Fortunately, ureteral stones are uncommon. Crystalluria and stones are treated with special diets and, in the case of calcium oxalate stones, surgery to remove them because they cannot be dissolved with struvite dissolving diets.
Interstitial cystitis is the third and most common cause of bloody urine in cats. We are only beginning to comprehend this complex and frequently frustrating disease, which appears to be the most common cause of recurrent blood in a cat's urine. In addition to blood-tinged urine, increased urination frequency and straining to urinate may be observed.
Using urine analysis, urine culture, and abdominal radiographs (x-rays) or ultrasound, this disease is diagnosed by ruling out crystalluria, urinary tract stones, and urinary tract infection. It is managed through dietary changes, such as increasing canned food to increase the cat's hydration and, as a result, decrease the concentration of the urine.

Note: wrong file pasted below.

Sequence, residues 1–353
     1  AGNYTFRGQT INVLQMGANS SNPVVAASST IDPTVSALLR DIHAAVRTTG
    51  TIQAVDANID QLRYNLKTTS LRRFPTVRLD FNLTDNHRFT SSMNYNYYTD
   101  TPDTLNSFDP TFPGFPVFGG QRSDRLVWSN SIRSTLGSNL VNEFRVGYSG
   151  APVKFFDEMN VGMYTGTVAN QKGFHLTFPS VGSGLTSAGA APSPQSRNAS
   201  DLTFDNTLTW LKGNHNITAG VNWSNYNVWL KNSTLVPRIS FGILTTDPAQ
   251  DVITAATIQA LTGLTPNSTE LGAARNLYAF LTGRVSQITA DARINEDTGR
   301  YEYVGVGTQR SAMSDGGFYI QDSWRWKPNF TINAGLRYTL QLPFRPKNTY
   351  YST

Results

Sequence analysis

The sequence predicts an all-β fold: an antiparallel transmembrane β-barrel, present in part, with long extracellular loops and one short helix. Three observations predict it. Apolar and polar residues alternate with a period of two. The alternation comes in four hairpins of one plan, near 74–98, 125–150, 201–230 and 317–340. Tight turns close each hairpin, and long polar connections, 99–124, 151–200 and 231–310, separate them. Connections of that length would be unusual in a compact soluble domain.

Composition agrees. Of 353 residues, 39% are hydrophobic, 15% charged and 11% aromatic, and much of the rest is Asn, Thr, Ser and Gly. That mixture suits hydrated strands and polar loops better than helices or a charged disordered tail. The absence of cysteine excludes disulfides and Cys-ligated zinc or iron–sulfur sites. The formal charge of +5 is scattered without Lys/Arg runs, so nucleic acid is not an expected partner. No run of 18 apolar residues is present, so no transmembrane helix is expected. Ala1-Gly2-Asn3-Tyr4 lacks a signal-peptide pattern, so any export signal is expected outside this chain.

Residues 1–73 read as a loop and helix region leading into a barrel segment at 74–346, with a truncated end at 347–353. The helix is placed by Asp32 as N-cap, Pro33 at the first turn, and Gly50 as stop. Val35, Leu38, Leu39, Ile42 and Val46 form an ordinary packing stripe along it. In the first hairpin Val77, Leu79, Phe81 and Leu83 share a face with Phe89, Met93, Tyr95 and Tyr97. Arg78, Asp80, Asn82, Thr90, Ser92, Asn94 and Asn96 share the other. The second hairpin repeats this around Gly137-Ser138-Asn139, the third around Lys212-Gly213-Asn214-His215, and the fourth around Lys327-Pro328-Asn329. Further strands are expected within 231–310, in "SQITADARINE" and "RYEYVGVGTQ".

You must provide a detailed medical history of your cat's health, including a history of symptoms and any incidents that may have precipitated this condition. Your veterinarian may be able to determine which organs are causing secondary symptoms based on the history you provide.
Your veterinarian will conduct a thorough physical exam on your cat, as well as a complete blood profile, which includes a chemical blood profile, a complete blood count, and a urinalysis. Examining an ejaculate sample in male cats can aid in the diagnosis of prostatic disease.